Francis Ford Coppola's challenges in distribution

Donna Langley, chief content officer at NBCUniversal, was in attendance. So was Sony CEO Tom Rothman. Bob Iger was one of the few figures in Hollywood who couldn't make it, but at least he had a good excuse, still in the midst of a fierce proxy battle with investor Nelson Peltz.

Event: The big reveal Major citiesthe self-financed epic of the legendary The Godfather Trilogy director Francis Ford Coppola, to the giants of the film industry. The March 28 screening — held at 10 a.m. at the Universal CityWalk Imax Theater — was also attended by luminaries of Coppola's poetry such as his nephew Nicolas Cage, The Godfather The series stars Al Pacino and Spike Jonze, Coppola's former brother-in-law. Two of the film's stars — Shia LaBeouf and Coppola's sister, Talia Shire — were also in attendance.

The project, which Coppola first began writing in 1983, cost $120 million — financed in part by the sale of a significant portion of his wine empire (a 2021 deal It is said to be worth more than $500 million). Closing in at two hours and 15 minutes, the film follows the rebuilding of a large city after its accidental destruction, with two competing visions – one from an idealistic architect (Adam Driver), the other from a pragmatic city mayor (Giancarlo Esposito) – colliding in the film. the operation. References to ancient Rome abound, including Caesar hairstyles for men.

Coppola, 84, said no decisions will be made about the festival arc until a distribution plan is in place. But while there was no shortage of curious suitors out there — in addition to Rothman and Sarandos, Warner Bros. Pam Abdi, Disney's live-action chief David Greenbaum, Netflix's Ted Sarandos, and Paramount's Mark Weinstein have all been spotted — multiple sources tell us inside the show Hollywood Reporter Which Major cities You will face an intense uphill battle to find a distribution partner. “There's no way to put this movie out there,” says one distributor.

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“Everyone is rooting for Francis and feeling nostalgic for the past,” adds one of the attendees. “But then there's the business side of things.”

A third attendee noted “a distinct silence at the end,” but stopped short of writing off the film as a failed exercise. “Does it bob, wander, and go everywhere? Yes. But it’s really imaginative and says something about our times. I think it will be a small, niche label.” [that picks it up]”.

But a brand like A24 or Neon likely wouldn't have the budget for the major marketing push Coppola envisioned. says one source THR Coppola assumed that he would close a deal very quickly, and that the studio would gladly spend a huge sum in print and advertising, including all marketing, in the range of $40 million domestically, and $80 million to $100 million globally.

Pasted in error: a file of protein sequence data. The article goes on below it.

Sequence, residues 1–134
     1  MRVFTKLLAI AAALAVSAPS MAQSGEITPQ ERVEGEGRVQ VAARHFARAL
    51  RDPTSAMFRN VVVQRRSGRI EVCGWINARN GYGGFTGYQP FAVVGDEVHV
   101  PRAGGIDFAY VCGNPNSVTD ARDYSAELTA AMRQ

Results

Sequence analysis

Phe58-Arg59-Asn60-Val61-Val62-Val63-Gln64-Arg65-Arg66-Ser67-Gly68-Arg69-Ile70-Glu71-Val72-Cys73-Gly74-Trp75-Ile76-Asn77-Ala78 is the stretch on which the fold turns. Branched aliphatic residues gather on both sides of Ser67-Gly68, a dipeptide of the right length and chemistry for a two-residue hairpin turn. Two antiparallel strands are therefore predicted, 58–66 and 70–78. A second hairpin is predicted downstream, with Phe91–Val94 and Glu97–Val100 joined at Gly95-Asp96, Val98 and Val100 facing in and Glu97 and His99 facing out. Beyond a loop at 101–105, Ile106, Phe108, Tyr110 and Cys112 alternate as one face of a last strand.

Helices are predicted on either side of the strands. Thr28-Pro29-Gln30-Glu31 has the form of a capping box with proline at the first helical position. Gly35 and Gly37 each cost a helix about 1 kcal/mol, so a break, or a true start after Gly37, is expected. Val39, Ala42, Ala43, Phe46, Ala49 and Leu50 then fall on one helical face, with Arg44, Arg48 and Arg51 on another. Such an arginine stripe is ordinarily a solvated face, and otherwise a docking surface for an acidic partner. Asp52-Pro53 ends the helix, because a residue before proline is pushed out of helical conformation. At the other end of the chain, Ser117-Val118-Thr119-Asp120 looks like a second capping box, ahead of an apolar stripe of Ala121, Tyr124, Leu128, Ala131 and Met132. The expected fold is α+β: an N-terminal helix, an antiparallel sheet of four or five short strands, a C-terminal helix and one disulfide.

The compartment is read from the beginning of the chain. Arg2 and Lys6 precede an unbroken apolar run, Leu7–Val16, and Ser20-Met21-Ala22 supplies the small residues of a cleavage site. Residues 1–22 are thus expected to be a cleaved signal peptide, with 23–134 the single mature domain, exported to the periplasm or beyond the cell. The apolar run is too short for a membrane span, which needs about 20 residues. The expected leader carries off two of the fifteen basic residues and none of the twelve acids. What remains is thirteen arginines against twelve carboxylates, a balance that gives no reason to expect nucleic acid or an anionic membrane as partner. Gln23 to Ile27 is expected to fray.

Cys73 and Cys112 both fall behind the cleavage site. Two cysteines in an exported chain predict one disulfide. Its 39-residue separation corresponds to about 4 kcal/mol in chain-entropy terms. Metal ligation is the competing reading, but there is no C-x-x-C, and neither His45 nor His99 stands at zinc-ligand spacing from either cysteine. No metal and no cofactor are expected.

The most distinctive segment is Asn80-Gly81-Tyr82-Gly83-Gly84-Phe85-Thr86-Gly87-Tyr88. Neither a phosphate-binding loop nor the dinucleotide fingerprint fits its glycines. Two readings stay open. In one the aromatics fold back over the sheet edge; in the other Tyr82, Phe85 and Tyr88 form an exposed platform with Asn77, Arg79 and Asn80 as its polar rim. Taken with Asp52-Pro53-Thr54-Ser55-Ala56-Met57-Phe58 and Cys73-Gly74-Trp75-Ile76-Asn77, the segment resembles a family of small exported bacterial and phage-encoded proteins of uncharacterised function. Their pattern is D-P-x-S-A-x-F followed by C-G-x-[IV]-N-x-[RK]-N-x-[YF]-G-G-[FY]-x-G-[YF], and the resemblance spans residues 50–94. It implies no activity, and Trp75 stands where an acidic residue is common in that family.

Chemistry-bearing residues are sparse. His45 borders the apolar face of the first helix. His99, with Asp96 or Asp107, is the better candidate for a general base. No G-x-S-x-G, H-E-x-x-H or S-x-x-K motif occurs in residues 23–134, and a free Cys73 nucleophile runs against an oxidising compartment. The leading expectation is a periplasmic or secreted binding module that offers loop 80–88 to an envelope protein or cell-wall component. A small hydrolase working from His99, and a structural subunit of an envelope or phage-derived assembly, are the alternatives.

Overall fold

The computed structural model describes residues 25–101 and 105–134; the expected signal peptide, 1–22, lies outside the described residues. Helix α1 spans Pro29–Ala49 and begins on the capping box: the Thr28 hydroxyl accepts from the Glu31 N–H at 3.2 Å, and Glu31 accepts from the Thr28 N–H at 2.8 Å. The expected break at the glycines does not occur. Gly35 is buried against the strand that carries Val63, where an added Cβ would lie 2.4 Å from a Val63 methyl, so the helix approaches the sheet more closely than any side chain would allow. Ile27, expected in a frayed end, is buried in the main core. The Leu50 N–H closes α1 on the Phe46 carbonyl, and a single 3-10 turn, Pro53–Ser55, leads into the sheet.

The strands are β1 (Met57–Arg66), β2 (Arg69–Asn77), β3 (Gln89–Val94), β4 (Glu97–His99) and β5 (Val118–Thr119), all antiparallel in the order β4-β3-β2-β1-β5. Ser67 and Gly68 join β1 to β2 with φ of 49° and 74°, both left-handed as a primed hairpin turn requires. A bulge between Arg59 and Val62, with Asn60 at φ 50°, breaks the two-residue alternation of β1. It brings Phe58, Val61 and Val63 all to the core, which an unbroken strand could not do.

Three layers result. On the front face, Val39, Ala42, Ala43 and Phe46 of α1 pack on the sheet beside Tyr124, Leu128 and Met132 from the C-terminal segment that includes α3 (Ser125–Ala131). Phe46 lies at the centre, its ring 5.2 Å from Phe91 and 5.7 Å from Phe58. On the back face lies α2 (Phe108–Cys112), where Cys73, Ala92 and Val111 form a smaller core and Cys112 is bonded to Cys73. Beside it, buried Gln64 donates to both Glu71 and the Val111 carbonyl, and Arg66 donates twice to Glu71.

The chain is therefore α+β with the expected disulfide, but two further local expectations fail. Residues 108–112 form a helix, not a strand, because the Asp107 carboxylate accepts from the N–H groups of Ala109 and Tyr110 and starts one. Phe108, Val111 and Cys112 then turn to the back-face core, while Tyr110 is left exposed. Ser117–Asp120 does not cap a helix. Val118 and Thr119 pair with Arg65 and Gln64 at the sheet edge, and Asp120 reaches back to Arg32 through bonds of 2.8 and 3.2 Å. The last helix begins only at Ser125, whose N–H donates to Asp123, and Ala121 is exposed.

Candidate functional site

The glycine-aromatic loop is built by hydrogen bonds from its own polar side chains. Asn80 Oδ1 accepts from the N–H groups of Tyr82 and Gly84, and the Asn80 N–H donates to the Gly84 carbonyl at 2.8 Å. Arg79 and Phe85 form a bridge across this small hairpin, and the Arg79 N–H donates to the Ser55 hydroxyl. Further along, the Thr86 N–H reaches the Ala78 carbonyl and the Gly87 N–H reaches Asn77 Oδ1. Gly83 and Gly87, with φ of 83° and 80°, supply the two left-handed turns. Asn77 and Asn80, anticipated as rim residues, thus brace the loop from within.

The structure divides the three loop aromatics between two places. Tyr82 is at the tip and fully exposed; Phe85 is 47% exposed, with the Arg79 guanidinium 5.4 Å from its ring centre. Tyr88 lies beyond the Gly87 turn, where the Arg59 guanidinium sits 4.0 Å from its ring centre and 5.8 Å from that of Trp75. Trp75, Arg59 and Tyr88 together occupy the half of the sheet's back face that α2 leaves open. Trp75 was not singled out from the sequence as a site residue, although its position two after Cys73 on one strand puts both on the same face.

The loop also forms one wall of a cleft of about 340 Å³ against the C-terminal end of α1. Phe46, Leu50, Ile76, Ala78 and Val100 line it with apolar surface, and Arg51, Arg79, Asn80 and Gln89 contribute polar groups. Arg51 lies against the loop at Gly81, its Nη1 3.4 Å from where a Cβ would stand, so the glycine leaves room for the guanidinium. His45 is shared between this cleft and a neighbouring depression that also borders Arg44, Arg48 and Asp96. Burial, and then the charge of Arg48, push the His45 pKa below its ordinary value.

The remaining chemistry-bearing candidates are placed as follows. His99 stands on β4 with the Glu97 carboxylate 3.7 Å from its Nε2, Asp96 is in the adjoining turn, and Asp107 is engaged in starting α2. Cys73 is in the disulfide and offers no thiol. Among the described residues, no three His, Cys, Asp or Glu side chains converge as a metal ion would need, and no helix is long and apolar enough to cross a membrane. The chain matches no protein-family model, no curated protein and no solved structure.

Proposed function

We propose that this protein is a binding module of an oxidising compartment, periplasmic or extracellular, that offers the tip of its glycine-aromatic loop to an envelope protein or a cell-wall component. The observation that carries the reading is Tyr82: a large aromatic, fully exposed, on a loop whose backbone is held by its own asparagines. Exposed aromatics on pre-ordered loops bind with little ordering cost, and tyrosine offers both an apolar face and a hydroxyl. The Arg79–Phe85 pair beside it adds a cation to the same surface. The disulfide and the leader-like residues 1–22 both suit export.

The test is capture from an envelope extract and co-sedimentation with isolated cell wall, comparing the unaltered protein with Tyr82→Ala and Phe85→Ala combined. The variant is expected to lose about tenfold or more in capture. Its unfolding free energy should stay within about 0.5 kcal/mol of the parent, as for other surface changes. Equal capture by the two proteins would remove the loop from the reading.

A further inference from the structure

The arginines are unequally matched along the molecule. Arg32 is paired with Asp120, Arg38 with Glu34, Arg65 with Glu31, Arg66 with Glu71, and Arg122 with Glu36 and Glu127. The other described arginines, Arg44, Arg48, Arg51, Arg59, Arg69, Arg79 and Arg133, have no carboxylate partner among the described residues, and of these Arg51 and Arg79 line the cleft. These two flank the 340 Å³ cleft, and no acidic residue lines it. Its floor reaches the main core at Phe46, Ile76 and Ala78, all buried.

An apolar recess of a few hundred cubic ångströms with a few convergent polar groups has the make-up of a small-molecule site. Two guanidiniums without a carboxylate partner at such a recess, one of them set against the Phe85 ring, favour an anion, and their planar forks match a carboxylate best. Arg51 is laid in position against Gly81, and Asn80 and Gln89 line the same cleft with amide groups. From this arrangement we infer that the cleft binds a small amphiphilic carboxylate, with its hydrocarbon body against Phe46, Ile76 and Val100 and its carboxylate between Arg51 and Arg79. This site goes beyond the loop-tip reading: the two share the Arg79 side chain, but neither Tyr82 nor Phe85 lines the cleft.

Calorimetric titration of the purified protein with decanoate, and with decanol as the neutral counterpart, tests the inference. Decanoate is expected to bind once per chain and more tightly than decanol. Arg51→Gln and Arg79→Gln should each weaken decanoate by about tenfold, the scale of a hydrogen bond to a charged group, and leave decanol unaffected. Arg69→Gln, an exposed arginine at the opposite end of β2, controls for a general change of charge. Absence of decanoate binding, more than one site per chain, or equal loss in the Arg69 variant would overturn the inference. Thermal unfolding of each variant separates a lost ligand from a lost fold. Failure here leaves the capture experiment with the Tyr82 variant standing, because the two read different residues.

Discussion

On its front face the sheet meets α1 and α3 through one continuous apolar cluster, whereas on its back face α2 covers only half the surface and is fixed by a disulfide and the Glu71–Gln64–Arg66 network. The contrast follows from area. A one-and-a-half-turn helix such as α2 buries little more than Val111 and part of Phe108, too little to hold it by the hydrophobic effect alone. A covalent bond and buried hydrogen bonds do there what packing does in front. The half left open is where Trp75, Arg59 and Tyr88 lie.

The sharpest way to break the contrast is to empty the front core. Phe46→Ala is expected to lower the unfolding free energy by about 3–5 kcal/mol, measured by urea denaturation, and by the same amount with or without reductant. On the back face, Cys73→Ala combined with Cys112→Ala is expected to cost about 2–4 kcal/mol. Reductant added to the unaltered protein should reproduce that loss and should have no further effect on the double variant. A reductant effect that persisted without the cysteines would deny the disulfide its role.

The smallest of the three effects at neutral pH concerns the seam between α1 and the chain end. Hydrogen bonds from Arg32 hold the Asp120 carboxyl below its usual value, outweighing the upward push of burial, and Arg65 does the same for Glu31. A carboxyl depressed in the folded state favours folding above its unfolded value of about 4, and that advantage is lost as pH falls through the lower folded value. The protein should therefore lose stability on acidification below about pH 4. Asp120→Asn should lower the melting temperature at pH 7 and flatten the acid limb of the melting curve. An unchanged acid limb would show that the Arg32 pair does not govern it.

This is the kind of high-risk offering that would happen Major cities A better fit for a studio-backed niche label like Disney-owned Searchlight or Universal-owned Focus. But sources say Universal and Focus have already dropped out of the bidding THR.

“I find it hard to believe that any distributor would pay cash and still be in first place to recover a profit and loss plus their distribution fee,” says one distribution expert. “if [Coppola] Willing to put forward profit and loss or support spending, I think there will be a lot of interested parties.

Since Coppola was always keen for this to be an IMAX release, there was a small screening at the company's Playa Vista headquarters in Los Angeles before the Jupiter event (marking the first time the director had seen the entire film on an IMAX screen). while Major cities Not a “Filmed for Imax” film — meaning it's not guaranteed a full Imax release — Coppola used camera technology that would allow him to shoot certain sequences that would fill an entire Imax screen, and worked with the company's master quality experts David and Patricia Kelly, who provide Advice for filmmakers.

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Sources close to the project say IMAX is likely to provide some support for the film if it is distributed. Sources add that IMAX, like others, expected the film to be much more commercial.

After the muted response to the screening on March 28, it is now unclear whether the studio will agree to a negative receiving deal, in which the studio buys the film outright, or a deal in which it distributes the film for a fee. One of the studio heads in attendance described it as “the kind of indie experiment” that might find a home in a streamer.

Most of those who spoke THR Description: A film that is difficult to sell to a wide audience. Two people say it's hard to know who's the good guy and who's the bad guy. The big exception is LaBeouf, who they say is the best thing in the movie (he's one of the antagonists).

Several of them mentioned a particularly awkward sequence involving Jon Voight's character in bed with what looks like a massive erection; Obviously the scene takes a completely different turn, but we won't spoil it here.

Not everyone is stopped. “I loved it so much,” says the niche brand founder, who describes it. Major cities As a “very big movie” with a “real life”. …How do you know the commercial? You look at the movie like Blade Runner And it became much more commercial than it was on its opening weekend. Despite the vote of confidence… Major cities It won't find a home in his studio: “It takes time to find the right match,” he says.

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However, another studio executive was less honest in his assessment: “It's not good at all, and it was very sad to watch. Anyone who puts a P&A behind it, they're going to lose money.” This is not the way Coppola should end his directorial career.

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